The Study of HIV Protease Inhibitors and Their Effects on Glucose Metabolism
|First Received Date ICMJE||November 28, 2005|
|Last Updated Date||September 28, 2009|
|Start Date ICMJE||January 2006|
|Primary Completion Date||Not Provided|
|Current Primary Outcome Measures ICMJE
||Insulin secretion after a single dose of HIV protease inhibitor versus placebo (insulin secretion assessed by using the hyperglycemic clamp technique)|
|Original Primary Outcome Measures ICMJE
|Change History||Complete list of historical versions of study NCT00259727 on ClinicalTrials.gov Archive Site|
|Current Secondary Outcome Measures ICMJE
|Original Secondary Outcome Measures ICMJE||Not Provided|
|Current Other Outcome Measures ICMJE||Not Provided|
|Original Other Outcome Measures ICMJE||Not Provided|
|Brief Title ICMJE||The Study of HIV Protease Inhibitors and Their Effects on Glucose Metabolism|
|Official Title ICMJE||The Effects of HIV Protease Inhibitors on Glucose Metabolism|
The purpose of this study is to determine the mechanisms by which HIV protease inhibitors contribute to the development of diabetes in HIV-infected patients. The investigators propose that some HIV protease inhibitors impair insulin secretion and increase the production of glucose by the liver.
HIV protease inhibitors (PIs) have been associated with type 2 diabetes. To design future HIV drugs that have have the least adverse metabolic effects, it is necessary to identify the disorders of glucose metabolism with PI therapy. Previously PIs have been shown to acutely induce insulin resistance in the periphery. Preliminary data show that PIs also impair insulin secretion and increase hepatic glucose production in humans. These lesions are key contributors to the development of type 2 diabetes. Due to the difficulty in separating out factors related to HIV infection from the direct effect of PIs, an effective design is to study HIV-negative subjects to define the direct effects of PIs on the liver and pancreas on glucose metabolism:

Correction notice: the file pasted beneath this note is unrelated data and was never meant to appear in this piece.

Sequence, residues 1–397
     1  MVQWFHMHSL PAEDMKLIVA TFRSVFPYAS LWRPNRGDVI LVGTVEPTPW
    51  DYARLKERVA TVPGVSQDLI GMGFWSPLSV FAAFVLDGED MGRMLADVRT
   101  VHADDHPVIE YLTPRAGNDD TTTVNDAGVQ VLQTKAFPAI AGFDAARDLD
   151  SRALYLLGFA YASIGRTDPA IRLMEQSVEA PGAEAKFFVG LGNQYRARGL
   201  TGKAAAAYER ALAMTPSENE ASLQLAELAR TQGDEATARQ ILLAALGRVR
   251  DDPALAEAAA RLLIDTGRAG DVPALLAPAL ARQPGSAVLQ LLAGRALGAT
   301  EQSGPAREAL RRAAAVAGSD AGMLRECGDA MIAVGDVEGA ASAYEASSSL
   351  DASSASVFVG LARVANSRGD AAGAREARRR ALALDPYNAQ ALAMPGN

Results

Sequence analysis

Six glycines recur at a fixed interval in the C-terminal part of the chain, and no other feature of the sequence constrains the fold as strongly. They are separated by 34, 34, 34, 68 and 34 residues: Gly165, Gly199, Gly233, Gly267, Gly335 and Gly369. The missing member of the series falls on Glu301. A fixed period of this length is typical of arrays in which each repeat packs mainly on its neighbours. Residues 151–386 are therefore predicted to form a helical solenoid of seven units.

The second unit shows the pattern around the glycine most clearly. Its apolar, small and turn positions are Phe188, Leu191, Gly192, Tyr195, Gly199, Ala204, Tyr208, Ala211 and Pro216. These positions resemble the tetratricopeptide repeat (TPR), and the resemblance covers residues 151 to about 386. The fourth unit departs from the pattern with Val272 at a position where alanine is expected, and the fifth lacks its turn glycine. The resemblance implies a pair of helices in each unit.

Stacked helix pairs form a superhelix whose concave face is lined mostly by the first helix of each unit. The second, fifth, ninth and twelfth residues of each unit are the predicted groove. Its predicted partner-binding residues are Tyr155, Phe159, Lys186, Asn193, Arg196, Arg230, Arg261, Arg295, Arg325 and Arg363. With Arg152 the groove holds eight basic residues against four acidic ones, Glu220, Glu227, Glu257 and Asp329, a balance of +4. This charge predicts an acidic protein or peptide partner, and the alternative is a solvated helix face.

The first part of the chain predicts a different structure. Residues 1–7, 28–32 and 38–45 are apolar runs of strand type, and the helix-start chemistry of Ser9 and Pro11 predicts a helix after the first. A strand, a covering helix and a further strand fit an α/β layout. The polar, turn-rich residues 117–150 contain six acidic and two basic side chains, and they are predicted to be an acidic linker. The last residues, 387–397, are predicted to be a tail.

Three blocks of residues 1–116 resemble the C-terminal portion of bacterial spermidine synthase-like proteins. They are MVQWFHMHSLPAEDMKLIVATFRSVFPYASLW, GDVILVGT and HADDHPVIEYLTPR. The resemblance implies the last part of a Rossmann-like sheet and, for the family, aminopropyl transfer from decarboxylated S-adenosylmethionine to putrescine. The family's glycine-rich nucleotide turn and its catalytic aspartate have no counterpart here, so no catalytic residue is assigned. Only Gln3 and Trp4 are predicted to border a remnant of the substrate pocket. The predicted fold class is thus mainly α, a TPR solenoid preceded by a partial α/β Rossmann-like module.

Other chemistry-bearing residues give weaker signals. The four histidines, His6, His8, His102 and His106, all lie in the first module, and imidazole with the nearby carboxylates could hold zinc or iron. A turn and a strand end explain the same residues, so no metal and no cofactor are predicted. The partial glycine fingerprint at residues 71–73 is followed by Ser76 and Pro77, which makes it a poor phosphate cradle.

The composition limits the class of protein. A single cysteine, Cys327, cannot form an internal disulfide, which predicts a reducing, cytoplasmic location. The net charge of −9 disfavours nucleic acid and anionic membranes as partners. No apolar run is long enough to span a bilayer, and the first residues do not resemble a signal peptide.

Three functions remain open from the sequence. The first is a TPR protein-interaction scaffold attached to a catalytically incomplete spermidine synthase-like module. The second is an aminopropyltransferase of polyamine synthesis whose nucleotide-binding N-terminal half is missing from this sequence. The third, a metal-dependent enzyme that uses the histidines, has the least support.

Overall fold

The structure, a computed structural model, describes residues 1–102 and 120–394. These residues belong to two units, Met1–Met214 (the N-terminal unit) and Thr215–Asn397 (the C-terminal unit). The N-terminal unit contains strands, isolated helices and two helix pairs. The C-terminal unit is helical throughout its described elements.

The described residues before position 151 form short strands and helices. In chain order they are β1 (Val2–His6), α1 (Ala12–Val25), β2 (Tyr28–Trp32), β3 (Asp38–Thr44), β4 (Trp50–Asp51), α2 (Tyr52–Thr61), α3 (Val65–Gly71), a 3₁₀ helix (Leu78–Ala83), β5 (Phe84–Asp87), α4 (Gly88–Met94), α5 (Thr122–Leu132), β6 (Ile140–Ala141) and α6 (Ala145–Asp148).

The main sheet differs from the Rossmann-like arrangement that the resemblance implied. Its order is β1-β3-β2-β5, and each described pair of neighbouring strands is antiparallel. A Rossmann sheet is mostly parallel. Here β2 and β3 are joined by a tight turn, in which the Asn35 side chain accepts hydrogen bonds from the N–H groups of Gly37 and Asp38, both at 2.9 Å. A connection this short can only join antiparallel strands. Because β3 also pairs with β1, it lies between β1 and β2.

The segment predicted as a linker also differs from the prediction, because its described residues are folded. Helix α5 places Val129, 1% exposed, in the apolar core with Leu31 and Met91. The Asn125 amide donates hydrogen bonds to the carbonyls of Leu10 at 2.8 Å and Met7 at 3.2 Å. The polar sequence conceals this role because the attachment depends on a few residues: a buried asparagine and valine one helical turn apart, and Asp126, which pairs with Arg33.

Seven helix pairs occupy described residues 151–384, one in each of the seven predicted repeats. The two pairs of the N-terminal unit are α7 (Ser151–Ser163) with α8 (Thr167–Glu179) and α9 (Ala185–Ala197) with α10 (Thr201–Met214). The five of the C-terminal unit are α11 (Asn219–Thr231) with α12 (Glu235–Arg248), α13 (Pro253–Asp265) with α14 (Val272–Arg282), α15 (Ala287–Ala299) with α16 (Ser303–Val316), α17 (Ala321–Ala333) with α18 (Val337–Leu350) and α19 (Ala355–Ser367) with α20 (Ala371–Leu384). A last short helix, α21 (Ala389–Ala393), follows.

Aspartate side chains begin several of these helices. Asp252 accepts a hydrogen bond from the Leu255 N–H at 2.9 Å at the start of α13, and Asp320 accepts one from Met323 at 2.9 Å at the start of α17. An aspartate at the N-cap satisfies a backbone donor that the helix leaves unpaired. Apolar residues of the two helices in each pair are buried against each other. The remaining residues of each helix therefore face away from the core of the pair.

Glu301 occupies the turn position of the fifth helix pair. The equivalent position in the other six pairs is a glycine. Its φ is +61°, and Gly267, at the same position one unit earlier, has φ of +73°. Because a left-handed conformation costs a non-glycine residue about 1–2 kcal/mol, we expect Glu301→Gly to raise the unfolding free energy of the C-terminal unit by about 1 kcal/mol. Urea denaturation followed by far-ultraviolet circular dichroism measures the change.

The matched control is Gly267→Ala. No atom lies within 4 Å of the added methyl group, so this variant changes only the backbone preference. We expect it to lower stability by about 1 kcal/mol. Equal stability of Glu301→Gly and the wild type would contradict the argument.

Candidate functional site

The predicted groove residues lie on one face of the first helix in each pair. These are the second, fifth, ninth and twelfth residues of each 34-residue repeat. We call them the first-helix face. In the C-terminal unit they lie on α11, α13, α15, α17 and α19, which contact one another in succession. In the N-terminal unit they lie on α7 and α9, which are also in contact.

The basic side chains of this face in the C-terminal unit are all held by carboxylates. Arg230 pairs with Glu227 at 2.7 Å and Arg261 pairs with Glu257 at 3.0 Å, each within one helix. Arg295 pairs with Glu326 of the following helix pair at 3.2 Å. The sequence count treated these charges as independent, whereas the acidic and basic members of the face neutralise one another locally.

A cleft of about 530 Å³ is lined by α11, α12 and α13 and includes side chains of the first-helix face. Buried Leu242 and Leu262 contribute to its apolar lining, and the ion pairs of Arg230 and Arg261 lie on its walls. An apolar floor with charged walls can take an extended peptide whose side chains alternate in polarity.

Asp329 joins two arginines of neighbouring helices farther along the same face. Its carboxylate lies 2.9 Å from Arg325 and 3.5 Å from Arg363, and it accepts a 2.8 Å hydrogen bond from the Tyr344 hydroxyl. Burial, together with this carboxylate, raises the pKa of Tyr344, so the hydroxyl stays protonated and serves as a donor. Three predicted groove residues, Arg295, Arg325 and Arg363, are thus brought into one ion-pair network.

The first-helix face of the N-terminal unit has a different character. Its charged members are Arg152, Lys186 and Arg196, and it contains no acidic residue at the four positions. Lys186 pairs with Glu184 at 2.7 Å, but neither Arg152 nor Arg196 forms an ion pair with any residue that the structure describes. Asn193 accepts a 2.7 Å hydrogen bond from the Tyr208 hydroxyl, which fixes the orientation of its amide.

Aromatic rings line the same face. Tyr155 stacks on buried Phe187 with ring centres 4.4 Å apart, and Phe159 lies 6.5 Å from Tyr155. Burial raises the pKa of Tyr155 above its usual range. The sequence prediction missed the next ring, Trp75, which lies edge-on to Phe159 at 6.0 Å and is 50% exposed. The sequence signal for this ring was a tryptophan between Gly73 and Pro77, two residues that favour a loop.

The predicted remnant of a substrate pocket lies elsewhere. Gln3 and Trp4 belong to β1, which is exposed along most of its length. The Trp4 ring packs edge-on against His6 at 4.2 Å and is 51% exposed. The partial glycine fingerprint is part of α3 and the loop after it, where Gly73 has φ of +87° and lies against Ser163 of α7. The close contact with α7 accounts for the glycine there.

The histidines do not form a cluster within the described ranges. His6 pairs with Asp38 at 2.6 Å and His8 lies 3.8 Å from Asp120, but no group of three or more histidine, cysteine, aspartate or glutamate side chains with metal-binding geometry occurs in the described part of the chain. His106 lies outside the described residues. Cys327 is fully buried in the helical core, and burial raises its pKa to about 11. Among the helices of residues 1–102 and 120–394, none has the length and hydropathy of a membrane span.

Specific Aim 1: To determine which PIs acutely inhibit insulin secretion in humans; randomized, double-blind, placebo-controlled trials will be performed on healthy normal volunteers given either a single dose of PI or placebo using the hyperglycemic clamp to assess insulin secretion in relation to insulin sensitivity.
Specific Aim 2: To determine which PIs acutely increase hepatic glucose production, glycogenolysis, and gluconeogenesis; measurements will be assessed in the fasting and hyperinsulinemic states using stable isotope analysis techniques. Samples have already been collected from double-blind, placebo-controlled trials of the effects of a single dose of PI on insulin sensitivity during the euglycemic hyperinsulinemic clamp.
Specific Aim 3: To determine the mechanism by which certain PIs increase hepatic glucose production; an infusion of somatostatin during the fasting state and hyperinsulinemic state will be used to suppress the effects of glucagon. Subjects will undergo a randomized, double-blind, placebo-controlled trial of a single dose of PI or placebo on insulin sensitivity using the euglycemic hyperinsulinemic clamp. Somatostatin, glucagon, and growth hormone will be infused before and during the clamp study. Hepatic glucose production, glycogenolysis, and gluconeogenesis will be assessed using stable isotope tracer techniques. Results will be compared to PIs acutely given in the absence of somatostatin, as stated in Specific Aim 2.
Determination of the effects of PI therapy allows clinicians to identify patients who may be at particular risk for developing diabetes on certain PIs and treat them more effectively. In the future, drugs for the treatment of HIV can be developed that avoid these disorders of glucose metabolism.
|Study Type ICMJE||Observational|
|Study Design ICMJE||Not Provided|
|Target Follow-Up Duration||Not Provided|
|Sampling Method||Not Provided|
|Study Population||Not Provided|
|Intervention ICMJE||Not Provided|
|Study Group/Cohort (s)||1|
* Includes publications given by the data provider as well as publications identified by ClinicalTrials.gov Identifier (NCT Number) in Medline.
|Recruitment Status ICMJE||Completed|
|Estimated Enrollment ICMJE||80|
|Completion Date||September 2008|
|Primary Completion Date||Not Provided|
|Eligibility Criteria ICMJE||
|Ages||18 Years to 72 Years|
|Accepts Healthy Volunteers||Yes|
|Contacts ICMJE||Contact information is only displayed when the study is recruiting subjects|
|Location Countries ICMJE||United States|
|NCT Number ICMJE||NCT00259727|
|Other Study ID Numbers ICMJE||RCD-005-05S|
|Has Data Monitoring Committee||Not Provided|
|Responsible Party||Lee, Grace - Principal Investigator, Department of Veterans Affairs|
|Study Sponsor ICMJE||Department of Veterans Affairs|
|Collaborators ICMJE||Not Provided|
|Information Provided By||Department of Veterans Affairs|
|Verification Date||March 2009|
ICMJE Data element required by the International Committee of Medical Journal Editors and the World Health Organization ICTRP